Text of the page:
There is a well-known ratio in engineering; 80:20. This ratio crops up in software engineering too and refers to several rules-of-thumb that sound a bit flippant but in my experience are valuable real-world guides when managing software development projects. This is also called the ‘Pareto Principle‘.
The principal rule-of-thumb is that in the messy real world it is very often the case that 80% of users (or ‘stakeholders’ or ‘customers’; take your pick) are satisfied by 20% of the resources (time, effort, sleepless nights, shouting at each other) that are put into a typical software application project. What this means is that most of the time that is spent on developing the functionality of an application is for a minority of demanding users.
This ratio of time and resources can also apply to website security (see my previous posting ‘Spammers and hackers‘). It makes no sense to spend months building bullet-proof web applications if the data you are dealing with is of an esoteric nature and only of any possible interest to a small group of academics globally (as is the case with many of the projects I work on).
Trying to avoid the 80:20 issue leads one onto the POGE rule-of-thumb, which stands for the ‘Principle of good enough‘. Is satisfying 80% of users good enough? Is achieving 80% of the project goals good enough? A lot of the time it is, especially when developing prototypes and demonstrators and a good project manager will be brave enough to deal with the other 20% of users when they inevitably get irate, and to decide whether it is a good idea to spend time trying to achieve the 20% of goals that remain. Resources are always under pressure, and sometimes an all-singing, all-dancing holy grail software application is a bad goal to have, and it is better to stop well short of this and move onto the next thing.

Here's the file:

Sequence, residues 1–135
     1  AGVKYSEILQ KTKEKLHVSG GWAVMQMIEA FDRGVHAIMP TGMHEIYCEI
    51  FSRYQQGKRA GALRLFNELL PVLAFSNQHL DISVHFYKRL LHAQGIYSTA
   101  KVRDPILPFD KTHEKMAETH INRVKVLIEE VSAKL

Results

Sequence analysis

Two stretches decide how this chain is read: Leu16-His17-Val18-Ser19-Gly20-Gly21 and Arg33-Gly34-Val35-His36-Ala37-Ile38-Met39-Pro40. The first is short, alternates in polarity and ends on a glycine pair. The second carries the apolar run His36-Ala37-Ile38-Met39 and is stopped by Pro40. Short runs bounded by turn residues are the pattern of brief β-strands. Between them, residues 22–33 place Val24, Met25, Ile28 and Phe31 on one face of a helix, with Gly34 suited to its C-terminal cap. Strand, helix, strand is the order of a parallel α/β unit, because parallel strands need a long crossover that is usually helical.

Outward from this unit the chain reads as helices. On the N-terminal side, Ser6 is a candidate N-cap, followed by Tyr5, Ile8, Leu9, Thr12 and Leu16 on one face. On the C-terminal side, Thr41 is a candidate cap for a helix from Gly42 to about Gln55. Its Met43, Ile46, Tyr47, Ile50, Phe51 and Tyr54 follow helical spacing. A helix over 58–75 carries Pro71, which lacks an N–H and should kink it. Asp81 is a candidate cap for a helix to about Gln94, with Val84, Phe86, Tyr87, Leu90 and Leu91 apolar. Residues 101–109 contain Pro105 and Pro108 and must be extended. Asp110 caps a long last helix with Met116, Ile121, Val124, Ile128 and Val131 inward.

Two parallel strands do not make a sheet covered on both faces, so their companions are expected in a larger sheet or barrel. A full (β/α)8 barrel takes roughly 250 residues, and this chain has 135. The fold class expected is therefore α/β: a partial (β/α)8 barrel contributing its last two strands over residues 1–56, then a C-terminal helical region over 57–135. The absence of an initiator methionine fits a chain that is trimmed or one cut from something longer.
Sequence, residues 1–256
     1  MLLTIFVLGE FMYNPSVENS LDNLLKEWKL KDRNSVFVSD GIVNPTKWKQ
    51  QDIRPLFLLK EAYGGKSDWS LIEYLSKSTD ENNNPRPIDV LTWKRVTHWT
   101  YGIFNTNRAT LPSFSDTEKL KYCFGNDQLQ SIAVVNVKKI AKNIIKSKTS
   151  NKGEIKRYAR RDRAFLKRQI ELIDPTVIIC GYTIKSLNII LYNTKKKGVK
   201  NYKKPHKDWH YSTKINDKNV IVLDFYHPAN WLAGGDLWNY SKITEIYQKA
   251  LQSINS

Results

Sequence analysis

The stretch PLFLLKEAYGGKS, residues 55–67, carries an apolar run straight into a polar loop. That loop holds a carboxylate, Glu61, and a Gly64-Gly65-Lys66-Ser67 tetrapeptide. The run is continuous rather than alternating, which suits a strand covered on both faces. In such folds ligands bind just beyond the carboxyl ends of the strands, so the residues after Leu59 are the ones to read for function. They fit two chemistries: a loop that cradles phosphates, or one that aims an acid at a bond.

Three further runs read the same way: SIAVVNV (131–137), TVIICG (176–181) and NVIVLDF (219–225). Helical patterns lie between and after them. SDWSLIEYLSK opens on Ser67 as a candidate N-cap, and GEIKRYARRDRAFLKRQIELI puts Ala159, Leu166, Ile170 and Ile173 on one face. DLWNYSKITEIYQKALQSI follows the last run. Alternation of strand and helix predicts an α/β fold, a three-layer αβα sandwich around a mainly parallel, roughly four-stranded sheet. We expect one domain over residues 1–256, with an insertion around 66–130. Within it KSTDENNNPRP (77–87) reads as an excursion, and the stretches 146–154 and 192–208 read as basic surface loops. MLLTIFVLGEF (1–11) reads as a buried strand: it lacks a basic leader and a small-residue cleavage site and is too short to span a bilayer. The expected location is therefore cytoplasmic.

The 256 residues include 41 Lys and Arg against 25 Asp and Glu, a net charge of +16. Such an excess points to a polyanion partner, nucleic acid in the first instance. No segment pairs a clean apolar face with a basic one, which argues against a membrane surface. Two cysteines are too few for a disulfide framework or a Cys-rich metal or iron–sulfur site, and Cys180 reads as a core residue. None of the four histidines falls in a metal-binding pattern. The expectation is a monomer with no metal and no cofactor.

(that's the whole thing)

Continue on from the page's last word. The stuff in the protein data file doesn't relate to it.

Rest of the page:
All this sounds like it might be a recipe for disaster, and failed projects, but in my experience the opposite is true. The enemies of success in software engineering are unnecessary complexity, feature-creep and a failure to establish properly the user requirements and specifications of the software system at the start of any project. These enemies can be fought off by observation and knowledge of the very basic rules-of-thumb mentioned above.
Often, I have encountered project managers who have no feeling for these rules, and if I was to give any advice to a software engineer who finds themselves involved in a software project managed by someone who is unaware of these principles, it would be that the manager should be subtly and diplomatically guided towards the light. After all, it’s the coder at the coalface who has to make these things work, and there’s nothing worse than having the responsibility of bringing to life the crackpot vision of someone who wants to rule the world via the internet.
Of course, none of this should be confused with the ‘Scotty’ rule of engineering, which states that any estimation of task time must be tripled, and sometimes quadrupled, before talking to a project manager.